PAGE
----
OXFORD, Ohio – All 321 Division I women’s soccer teams opened training camp over the last few weeks – filled with two-a-day practices, but what Miami’s team went through during a two-day military-style bootcamp named “The Program” Aug. 11-12 may be the toughest thing the RedHawks face all season.
Gathering on its practice field at 4 p.m. sharp for a workout, Miami was quickly ordered back to its locker room by Master Sergeant Glen Cederholm, an active 17-year veteran of the United States Marine Corps, to clean up the room, but still be back on the field in eight minutes. Much to Cederholm’s surprise, the RedHawks were back in just over eight minutes.
“I was pretty nervous when he came in and starting yelling at us right away. It was a wake-up call and I wasn’t really expecting it,” said freshman goalkeeper Vic Maniaci.
Then the “four quarter” workout began. Senior forward Katy Dolesh was chosen to lead the first quarter of the bootcamp last Sunday, a grueling rendition of calisthenics. Everyone had to be in crisp straight lines and in sync during the drills.
“The toughest part for me personally was just stepping up and being a vocal leader because I’ve always used my actions to lead and this time I had to really use my voice and project, and not just talk to the group, but yell at them and tell them what to do, so that was a very different experience,” Dolesh said. “Physically it was tough, but since we were all doing it together and we all knew each other’s pain, it kind of helped get each other through it and cheer each other on.”
After completing the opening exercises, sandbags and log poles were put in to play. Sergeant Cederholm, a sniper team leader who has served seven tours of duty, explained the second quarter activity to junior midfielder Kelsey Dinges, who then in turn had to relay the drill to her team. The RedHawks had to get in three lines, each one lifting a log pole up and down while some members of the line did sprints carrying sandbags. After several struggles with transitions and finishing in reasonable time, and several regroupings led by Dinges, and several more tries, Miami finished strong on its last attempt.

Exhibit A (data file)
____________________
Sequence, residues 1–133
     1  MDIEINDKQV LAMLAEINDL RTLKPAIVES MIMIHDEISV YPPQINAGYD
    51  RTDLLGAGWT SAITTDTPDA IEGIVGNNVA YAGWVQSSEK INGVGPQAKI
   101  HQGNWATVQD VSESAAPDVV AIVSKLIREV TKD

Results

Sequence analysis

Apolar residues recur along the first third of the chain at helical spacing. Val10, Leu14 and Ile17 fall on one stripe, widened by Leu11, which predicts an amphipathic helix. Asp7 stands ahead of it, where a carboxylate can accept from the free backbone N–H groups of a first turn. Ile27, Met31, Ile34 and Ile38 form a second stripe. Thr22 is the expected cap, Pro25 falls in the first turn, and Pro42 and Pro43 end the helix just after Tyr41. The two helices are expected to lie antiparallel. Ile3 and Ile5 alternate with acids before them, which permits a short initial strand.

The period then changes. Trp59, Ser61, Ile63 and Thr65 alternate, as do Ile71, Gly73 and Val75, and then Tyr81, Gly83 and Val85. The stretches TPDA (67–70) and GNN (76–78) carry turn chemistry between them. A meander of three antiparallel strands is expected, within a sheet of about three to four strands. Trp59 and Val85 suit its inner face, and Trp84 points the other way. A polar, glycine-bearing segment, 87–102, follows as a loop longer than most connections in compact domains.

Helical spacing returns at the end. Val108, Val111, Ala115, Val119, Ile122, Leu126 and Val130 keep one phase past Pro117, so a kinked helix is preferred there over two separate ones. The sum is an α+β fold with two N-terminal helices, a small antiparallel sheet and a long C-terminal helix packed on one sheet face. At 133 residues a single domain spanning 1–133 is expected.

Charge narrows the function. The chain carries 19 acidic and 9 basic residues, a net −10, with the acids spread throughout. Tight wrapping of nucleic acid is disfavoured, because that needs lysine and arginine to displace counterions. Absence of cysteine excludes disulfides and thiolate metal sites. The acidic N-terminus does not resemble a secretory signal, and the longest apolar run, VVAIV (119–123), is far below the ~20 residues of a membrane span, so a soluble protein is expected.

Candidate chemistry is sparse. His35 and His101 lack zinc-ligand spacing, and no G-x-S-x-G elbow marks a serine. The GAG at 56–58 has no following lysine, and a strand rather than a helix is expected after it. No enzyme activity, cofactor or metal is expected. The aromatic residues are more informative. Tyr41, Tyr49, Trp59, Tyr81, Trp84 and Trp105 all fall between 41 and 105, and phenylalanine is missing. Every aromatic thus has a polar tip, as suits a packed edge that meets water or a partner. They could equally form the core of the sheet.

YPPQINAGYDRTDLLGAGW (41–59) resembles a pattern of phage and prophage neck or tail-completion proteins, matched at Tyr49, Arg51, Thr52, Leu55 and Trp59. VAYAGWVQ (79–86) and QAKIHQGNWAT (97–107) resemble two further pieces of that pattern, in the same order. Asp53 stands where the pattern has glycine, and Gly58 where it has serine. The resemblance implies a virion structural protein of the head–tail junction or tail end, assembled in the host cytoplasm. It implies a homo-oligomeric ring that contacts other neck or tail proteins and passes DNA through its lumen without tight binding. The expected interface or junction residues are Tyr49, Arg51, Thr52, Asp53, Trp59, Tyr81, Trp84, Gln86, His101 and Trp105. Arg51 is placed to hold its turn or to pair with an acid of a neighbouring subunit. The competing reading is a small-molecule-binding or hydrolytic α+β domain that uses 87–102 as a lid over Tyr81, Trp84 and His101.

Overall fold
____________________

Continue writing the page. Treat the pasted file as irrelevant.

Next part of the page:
“Being mentally there and also physically, it was a real challenge after you were tired to also be there mentally to help your team continue on, because if you messed up you had to start over, so that was a big thing,” explained sophomore midfielder Jess Bronke, who led the third quarter activity.
The third quarter consisted of carrying a teammate up and down the field, trading positions at the turn.
“My first thought was ‘how far?’ and second thought was ‘I don’t know how we were going to do it piggy-back style’, but the fireman carry was definitely easier,” freshman midfielder Taylor Jackson said. “It was all mental.”
Working in pairs, the RedHawks lifted their teammates on their shoulders fireman-style and scooted to the 18-yard box. There, the partners flipped roles and hustled back to the end line. Next it was out to midfield. And eventually the other endline. As the distance to travel grew each time, the players grew together to complete the task.
“It was really difficult to be in charge of yourself and say the right things, but still be in charge of the whole team and have them doing the right thing so we could get the task done,” Bronke admitted. “And having him (Sergeant Cederholm) yell at you was very interesting.”